Implementing International Agreements on Persistent Organic Pollutants (POPs): Proposed Amendments to the Toxic Substances Control Act [Updated July 25, 2006] [open pdf - 153KB]
From the Summary: "Between 1998 and 2001, the United States signed two international treaties and one executive agreement to reduce production and use, and regulate trade and disposal, of certain 'persistent organic pollutants' (POPs) and other chemicals that (for the most part) are strictly regulated in U.S. commerce. POPs are chemicals like polychlorinated biphenyls (PCBs) and the pesticide DDT that do not break down easily in the environment, tend to accumulate as they move up the food chain, and may be harmful to people and wildlife. The President signed and has submitted the Stockholm Convention on Persistent Organic Pollutants and the Rotterdam Convention on Prior Informed Consent to the Senate for advice and consent. If the Senate consents by a two-thirds majority, and the Congress passes legislation that is needed to implement the two treaties (as well as the executive agreement, the POPs Protocol to the Aarhus Convention on Long-Range Transboundary Air Pollution), then the treaties can be ratified and the agreements would take effect domestically. […] This report will be updated as warranted by legislative action and interest."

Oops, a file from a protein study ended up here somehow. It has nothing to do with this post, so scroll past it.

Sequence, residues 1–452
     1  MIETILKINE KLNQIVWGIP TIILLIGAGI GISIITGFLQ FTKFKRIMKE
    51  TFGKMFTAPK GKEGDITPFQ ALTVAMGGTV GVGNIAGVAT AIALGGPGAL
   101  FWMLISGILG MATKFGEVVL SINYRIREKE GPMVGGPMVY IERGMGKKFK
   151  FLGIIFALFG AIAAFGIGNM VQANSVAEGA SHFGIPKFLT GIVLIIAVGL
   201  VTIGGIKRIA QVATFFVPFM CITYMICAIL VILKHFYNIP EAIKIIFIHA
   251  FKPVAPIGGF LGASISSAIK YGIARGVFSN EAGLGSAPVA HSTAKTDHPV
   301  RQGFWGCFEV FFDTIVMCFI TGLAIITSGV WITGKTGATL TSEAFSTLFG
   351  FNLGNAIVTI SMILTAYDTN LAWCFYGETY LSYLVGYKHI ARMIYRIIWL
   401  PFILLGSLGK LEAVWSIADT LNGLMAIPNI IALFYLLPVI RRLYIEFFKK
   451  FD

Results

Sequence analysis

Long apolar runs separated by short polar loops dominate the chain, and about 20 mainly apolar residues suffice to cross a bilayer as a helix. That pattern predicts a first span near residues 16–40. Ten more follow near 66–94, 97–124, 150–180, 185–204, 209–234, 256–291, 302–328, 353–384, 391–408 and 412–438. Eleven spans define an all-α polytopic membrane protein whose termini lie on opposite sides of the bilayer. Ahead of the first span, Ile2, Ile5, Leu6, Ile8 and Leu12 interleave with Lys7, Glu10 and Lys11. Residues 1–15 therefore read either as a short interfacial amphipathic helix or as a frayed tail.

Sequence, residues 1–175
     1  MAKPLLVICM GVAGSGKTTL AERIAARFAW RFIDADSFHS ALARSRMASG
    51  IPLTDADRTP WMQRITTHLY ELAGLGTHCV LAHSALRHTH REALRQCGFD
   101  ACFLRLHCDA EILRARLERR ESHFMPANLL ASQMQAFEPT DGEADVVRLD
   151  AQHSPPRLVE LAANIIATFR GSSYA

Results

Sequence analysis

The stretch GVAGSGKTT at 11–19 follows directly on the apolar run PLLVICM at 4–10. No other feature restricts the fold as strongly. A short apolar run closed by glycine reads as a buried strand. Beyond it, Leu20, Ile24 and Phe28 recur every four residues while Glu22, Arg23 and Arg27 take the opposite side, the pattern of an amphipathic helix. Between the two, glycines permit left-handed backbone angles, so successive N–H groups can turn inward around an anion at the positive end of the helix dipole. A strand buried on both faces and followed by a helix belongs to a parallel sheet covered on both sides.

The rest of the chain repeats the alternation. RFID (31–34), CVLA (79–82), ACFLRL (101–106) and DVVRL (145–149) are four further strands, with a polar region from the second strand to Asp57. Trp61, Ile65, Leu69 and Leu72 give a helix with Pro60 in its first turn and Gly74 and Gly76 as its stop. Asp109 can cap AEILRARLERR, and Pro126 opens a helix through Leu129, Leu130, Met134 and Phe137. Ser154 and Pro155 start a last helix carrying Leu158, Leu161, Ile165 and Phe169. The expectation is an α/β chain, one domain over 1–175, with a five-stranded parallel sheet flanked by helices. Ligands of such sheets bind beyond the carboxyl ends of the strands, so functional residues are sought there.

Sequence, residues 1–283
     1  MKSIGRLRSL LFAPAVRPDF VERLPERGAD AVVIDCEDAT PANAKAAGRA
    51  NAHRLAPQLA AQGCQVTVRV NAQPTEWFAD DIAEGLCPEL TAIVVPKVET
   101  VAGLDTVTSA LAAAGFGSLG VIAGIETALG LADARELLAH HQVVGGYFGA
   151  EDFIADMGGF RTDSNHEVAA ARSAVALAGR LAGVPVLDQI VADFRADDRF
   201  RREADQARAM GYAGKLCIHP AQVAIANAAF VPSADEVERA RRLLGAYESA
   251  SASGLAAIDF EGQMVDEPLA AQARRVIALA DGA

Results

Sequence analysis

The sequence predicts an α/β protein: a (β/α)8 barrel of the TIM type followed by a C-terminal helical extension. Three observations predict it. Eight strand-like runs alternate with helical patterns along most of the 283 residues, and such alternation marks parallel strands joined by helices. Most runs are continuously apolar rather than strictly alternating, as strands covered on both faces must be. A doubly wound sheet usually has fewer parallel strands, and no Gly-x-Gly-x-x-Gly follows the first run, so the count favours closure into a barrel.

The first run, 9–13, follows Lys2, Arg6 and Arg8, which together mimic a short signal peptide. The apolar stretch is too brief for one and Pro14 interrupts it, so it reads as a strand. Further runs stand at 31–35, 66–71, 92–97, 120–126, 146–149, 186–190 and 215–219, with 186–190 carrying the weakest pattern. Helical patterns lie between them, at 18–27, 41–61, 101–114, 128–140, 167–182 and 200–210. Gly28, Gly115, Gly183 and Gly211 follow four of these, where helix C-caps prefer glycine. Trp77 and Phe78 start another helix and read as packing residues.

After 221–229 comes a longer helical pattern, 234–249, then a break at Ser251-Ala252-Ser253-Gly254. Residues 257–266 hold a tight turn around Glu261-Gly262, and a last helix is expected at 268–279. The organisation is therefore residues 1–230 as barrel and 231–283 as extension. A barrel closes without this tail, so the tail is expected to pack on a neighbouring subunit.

CRS Report for Congress, RL33336